Tamgha of Toghtu, Zarb Qirim 5 ("Struck in Qirim, (70)5") around, all within a scallopped hexafoil surrounded by a circle of dots / Khan al-adil Toqhtu ("The Just Khan Toghtu") within a double circle, thick dots between the two circles. 18mm, 1.23 grams. Mint of Qirim. Sagdeyeva #163; Albul 2023; Lebedev C13.
High quality piece, aUNC, practically as struck. Lebedev assumed this type is undated (and it is listed as undated on Zeno), but Sagdeyeva assumed the circle under the Tamgha stands for "5" (which stands for 695 AH according to Sagdeyeva, much more likely to be "705" in my opinion). However, a different type from Qirim (Sagdeyeva #167 var - see the coin here: http://www.numismall.com/acc/Rare-silver-dirham-of-Toghta-Khan-AH-689-712-1291-1312-Saray-al-Jadid-mint-695-AH-1295-AD-Mongol-Golden-Horde-Sagdeyeva-172.html) shows a full date (707 AH) wih a circle above the date (just like on this coin). In view of that, the circle almost cirtainly is a symbol for the sun or something and does not stand for a digit "5" at all.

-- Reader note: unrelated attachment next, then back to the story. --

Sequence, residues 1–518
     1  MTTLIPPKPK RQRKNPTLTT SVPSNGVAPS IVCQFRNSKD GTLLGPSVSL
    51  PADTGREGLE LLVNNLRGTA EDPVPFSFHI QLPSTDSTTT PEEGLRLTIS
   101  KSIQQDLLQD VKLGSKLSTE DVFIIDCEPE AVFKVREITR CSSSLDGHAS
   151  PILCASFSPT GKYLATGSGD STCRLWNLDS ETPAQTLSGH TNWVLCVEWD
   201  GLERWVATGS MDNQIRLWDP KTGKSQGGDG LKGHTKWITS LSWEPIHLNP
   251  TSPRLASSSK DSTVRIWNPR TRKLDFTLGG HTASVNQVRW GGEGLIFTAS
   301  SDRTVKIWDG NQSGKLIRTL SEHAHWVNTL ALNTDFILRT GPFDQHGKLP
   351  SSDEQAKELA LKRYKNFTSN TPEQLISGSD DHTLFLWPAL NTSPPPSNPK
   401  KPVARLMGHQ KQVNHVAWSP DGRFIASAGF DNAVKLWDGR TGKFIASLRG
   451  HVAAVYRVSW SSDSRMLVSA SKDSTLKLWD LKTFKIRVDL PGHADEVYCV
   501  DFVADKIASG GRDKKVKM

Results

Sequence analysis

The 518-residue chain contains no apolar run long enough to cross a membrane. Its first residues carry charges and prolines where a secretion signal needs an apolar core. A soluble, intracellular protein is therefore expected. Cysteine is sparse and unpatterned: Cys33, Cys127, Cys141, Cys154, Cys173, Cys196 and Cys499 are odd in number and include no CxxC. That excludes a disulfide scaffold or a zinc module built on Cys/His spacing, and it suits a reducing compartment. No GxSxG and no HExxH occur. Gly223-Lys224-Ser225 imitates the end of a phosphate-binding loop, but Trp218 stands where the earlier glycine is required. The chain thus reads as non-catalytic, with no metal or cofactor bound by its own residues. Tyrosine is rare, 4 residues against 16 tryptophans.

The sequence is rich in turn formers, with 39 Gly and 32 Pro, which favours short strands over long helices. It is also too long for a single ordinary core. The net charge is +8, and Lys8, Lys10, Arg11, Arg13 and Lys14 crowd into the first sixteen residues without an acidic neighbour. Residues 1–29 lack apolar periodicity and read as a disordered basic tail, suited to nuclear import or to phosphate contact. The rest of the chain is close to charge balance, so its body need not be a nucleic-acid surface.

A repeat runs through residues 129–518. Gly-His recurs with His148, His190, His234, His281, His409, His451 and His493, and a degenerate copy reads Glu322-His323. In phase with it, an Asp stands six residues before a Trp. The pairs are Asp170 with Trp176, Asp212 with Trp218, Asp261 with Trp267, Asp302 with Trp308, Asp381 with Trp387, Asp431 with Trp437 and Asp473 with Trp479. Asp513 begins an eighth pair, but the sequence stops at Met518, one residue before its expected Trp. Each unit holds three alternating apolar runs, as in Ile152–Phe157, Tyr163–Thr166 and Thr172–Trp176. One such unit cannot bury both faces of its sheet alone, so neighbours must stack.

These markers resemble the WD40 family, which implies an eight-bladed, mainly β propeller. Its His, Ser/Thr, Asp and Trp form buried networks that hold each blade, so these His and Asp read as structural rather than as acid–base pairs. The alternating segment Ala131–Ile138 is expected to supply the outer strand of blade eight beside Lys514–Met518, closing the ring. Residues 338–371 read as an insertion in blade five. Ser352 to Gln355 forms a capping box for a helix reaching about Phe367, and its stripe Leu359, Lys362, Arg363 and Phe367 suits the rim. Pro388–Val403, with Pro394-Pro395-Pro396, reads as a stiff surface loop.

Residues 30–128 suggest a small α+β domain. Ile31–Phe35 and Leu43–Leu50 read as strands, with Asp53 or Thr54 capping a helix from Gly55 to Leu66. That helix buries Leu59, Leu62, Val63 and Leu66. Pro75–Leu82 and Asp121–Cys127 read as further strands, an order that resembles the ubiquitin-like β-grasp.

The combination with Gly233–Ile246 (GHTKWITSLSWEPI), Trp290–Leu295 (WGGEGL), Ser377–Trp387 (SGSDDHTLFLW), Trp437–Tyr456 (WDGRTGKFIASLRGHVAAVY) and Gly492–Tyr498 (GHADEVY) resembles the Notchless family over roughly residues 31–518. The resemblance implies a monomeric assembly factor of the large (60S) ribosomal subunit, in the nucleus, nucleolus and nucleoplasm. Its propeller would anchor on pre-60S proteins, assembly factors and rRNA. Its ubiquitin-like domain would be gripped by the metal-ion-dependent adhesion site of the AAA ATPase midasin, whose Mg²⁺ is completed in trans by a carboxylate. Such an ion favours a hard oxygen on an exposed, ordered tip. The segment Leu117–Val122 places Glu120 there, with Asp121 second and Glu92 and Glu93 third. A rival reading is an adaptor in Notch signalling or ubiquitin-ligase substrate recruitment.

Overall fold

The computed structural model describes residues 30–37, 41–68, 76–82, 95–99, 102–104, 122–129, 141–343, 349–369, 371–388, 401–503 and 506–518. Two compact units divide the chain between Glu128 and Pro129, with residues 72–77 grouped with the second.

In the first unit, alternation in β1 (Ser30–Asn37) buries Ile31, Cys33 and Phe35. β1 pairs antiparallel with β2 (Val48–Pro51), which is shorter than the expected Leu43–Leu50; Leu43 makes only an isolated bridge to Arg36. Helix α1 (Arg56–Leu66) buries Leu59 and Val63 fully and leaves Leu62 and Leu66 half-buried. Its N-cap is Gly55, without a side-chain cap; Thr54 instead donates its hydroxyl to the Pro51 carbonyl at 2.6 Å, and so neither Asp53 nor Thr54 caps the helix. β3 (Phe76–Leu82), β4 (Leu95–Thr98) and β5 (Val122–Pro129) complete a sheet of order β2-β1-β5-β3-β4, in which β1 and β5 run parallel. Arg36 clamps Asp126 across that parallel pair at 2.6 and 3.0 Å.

Tokhta (Toqta, Tokhtai,or Tokhtogha) (died c. 1312) was a khan of the Golden Horde, son of Mengu-Timur and great grandson of Batu Khan. Obverse: "Just the Khan Tokhta" with the tamgha (imperial seal) of the House of Batu His name "Tokhtokh" means "hold/holding" in the Mongolian language.
The Golden Horde is an East Slavic designation for the Mongol khanate established in the western part of the Mongol Empire after the Mongol invasion of Rus' in the 1240s: present-day Russia, Ukraine, Moldova, Kazakhstan, and the Caucasus. Also known as the Ulus of Jochi or the Kipchak Khanate (not to be confused with the earlier Kipchak khanate prior to its conquest by the Mongols). The territory of the Golden Horde at its peak included most of Eastern Europe from the Urals to the right banks of the Danube River, extending east deep into Siberia. On the south, the Golden Horde's lands bordered on the Black Sea, the Caucasus Mountains, and the territories of the Mongol dynasty known as the Ilkhanate.